(MSW, LICSW, LMHC)
Answered on 01/21/2022

Does it ever get better ?

As you regard the current state of your family, I can hear that you may be feeling something that resembles hopelessness, among many other emotions. This is a time in your life when it helps to have a soft place to go with those feelings. And, I hear your disappointment and frustration about the many prayers that things would be different.   May I encourage you, during this time, to be extra gentle with yourself? That could look like wrapping yourself in a nice warm blanket when you are feeling sad and needing comfort. Or, maybe having a special pillow to hug, or giving yourself a butterfly hug (arms crossed in front of you, with your hands on the opposite shoulder).    I imagine this troubling time is full of questions you don't have answers to, and lots of decisions to make. When these things start to feel overwhelming, this can trigger the sadness feelings again. I encourage you to allow yourself to pause often for some form of gentleness towards yourself, even just for a moment. Questions and decisions will continue to linger. Your opportunity to show kindness to yourself is something only you can prioritize, and it will make a difference as you go through each day.   May I encourage you to consider local resources for the concern you mentioned about having no where to go? Your therapist may be able to help you come up with potential agencies and services to contact that would fit your situation and unique needs best.    Taking care of yourself will help you with caring for your daughter during this trying time. Although I don't know her age, children of all ages need comfort during times where everything in their life has changed. You will find it easier to care for her when you are in an emotional place of feeling balanced and cared for.   Does it ever get better? That is an important, layered question. While there are no guarantees about tomorrow, there is hope that if we stay on a path towards healing and don't give up, we may reach a place where we are asking different questions.
Answered on 01/21/2022

How do I deal with self love ?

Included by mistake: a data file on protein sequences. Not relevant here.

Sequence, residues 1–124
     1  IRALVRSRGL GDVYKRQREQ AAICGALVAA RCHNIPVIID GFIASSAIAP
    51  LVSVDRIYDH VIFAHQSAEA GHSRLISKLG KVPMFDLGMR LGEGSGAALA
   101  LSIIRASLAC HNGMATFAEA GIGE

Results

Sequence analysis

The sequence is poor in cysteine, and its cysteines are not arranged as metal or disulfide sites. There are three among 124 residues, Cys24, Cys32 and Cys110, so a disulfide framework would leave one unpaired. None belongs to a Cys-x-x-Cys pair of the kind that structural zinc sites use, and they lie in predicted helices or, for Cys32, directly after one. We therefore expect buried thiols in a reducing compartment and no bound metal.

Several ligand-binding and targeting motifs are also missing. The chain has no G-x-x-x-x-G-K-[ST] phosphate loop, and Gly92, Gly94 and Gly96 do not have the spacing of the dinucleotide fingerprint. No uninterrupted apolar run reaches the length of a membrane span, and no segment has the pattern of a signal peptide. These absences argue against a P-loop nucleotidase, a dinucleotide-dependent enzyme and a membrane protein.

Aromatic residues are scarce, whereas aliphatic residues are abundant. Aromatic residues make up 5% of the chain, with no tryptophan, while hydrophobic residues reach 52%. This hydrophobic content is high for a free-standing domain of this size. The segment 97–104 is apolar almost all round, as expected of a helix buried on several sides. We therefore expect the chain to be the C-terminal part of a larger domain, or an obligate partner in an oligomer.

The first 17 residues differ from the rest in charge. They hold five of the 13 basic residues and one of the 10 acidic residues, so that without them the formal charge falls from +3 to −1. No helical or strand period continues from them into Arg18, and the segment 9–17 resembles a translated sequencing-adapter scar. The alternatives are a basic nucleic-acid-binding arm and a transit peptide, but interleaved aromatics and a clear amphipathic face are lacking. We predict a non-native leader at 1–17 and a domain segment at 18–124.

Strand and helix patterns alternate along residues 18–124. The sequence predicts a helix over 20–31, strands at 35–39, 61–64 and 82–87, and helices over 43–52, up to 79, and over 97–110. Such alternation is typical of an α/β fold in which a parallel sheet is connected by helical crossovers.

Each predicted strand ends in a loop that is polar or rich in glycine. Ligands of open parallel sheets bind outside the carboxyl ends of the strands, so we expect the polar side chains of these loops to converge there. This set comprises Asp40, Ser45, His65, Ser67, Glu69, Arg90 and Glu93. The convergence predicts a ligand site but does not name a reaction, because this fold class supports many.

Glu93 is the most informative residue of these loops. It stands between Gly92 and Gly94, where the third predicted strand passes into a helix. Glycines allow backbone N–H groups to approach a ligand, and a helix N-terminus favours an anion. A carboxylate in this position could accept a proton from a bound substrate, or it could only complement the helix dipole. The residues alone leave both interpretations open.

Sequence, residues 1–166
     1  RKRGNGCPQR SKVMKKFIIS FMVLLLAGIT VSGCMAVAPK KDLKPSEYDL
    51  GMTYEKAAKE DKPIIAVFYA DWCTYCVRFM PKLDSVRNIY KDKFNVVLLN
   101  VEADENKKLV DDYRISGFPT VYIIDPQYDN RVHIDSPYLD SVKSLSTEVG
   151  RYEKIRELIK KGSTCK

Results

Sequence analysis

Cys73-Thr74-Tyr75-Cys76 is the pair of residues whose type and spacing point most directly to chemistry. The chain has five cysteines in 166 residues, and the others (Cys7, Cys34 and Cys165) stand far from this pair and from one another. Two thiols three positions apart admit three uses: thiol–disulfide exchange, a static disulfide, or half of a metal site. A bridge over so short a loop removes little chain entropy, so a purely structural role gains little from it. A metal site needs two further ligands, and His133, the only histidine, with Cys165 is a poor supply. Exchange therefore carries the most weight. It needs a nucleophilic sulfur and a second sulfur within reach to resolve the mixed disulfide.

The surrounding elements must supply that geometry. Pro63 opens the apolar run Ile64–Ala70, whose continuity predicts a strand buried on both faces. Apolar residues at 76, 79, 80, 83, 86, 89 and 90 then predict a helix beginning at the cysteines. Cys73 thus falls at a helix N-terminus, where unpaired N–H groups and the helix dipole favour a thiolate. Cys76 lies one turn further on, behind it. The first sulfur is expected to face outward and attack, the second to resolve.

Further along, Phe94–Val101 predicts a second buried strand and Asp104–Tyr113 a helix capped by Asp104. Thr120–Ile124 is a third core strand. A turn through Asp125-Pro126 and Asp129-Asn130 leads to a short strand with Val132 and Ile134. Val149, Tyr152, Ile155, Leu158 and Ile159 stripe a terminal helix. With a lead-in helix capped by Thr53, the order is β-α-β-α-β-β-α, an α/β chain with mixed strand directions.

it sounds to me as though you are struggling a lot right now. It also sounds as though you are the bouts of a depression. Depression can happen to every single person. It can happen when you were just busy trying to function and make it through life. It could happen when you feel like you're in a rut doing the same thing and living the same day over and over just going to work or going to school and just doing what you have to do to survive. When we are depressed, We tend not to think very highly of ourselves. We can start to feel that we don't deserve the same happiness as other people. We can also start to see ourselves in relationships with people whom we know we would previously not be attracted to. When we are not feeling our best to not feeling confident it can be very hard for us to make the decisions about who to let into our lives and who to trust.  Learning how to love yourself is not easy. Often it starts in childhood. It starts when you hear good things about yourself and you get positive reinforcements. It starts when your parents reward you for good grades or they celebrate your birthdays. It starts to happen when people are just happy to have you around and let you know that your life has value. When you do not have those things it can be very hard to learn how to love yourself, because it can often feel like no one ever actually really loved you. Talking about early childhood, the same can be said for relationships. We learn our patterns of relationships from our earliest exposure to relationships, which is with our parents and watching the relationship between our parents. If we see one or more of our parents fall into a pattern of dating people that they normally wouldn't but our only dating because they don't feel good about themselves, it would be very normal for you to feel like you don't deserve anything that you want and just need to take what's left. If you have had parents with dysfunctional or abusive relationships, it can be even harder to know how to have a normal relationship.  Trust is also something that we learn how to do as children. If the people around us let us down and we know that they will not be there when we need them or they do not see to it that our needs are met, we can have a hard time knowing who to trust as adults. It can also be hard when you feel like everyone you have trusted, whether a friend or a love interest, has let you down. That must make you feel in some way that there is something wrong with you, when the fact is that people let you down for all kinds of reasons and it very often has nothing to do with you as a person.  To start working on loving yourself there are many things that you can do. You need to realize that your life has value when you add value to the relationships that you are in. You need to focus on doing small things to take care of yourself like making sure that you are taking time in your appearance during the day even if you don't feel good about yourself, It is a therapeutic tool to  dress up in order to act as if you feel better. Because you don't feel good about yourself it would be very easy to leave the house not looking good and being very unkept. You also need to do things like make sure that you are getting enough sleep and drinking enough water and eating healthy. You need to take care of your body and of your self. When you start to treat your body with respect and realize that you have the same needs is everyone else, Like setting boundaries and spending time doing things that you want to do rather than doing things for other people, you start to realize that you are just as important as everyone else and no one is better than you.  It would also be helpful to keep a gratitude journal, That is a journal of at least one thing that you were grateful for every day. One thing that you were grateful for about your life and one thing that you like about yourself. Even if you were unable to find something that you actually like about yourself if there is something that you have been told that others like or something that you find mildly tolerable about yourself, please write that down. We need to focus on positive experiences of the good things about you. We need to refocus how you think about yourself and how you think other people see you. Having confidence in yourself and knowing that you have just as much worth as everyone else goes a long way and attracting different types of people into your life. Confidence is a very attractive quality on any person.  The other thing you can do is to get some therapy. It can be so helpful when you were in the process of deciding whether or not to trust someone or when you were feeling depressed and having self doubts to have another person that has no one vested interest in any of this other than to listen to you. Having someone that you can talk to and say exactly how you were feeling about yourself what about the people in your life goes a long way into reading yourself of the stress that's related from all of those relationships. It really sounds as though you have been depressed. Things like having difficulty sleeping, being on able to concentrate, not having the motivation to do things you used to enjoy, not having any energy, having no appetite or eating too much, not getting enough sleep because you cannot fall asleep or getting too much sleep because you can't wake up, These are all symptoms of depression. The best treatment for depression is to speak with a mental health professional.  I hope you were able to find some peace and see your own value.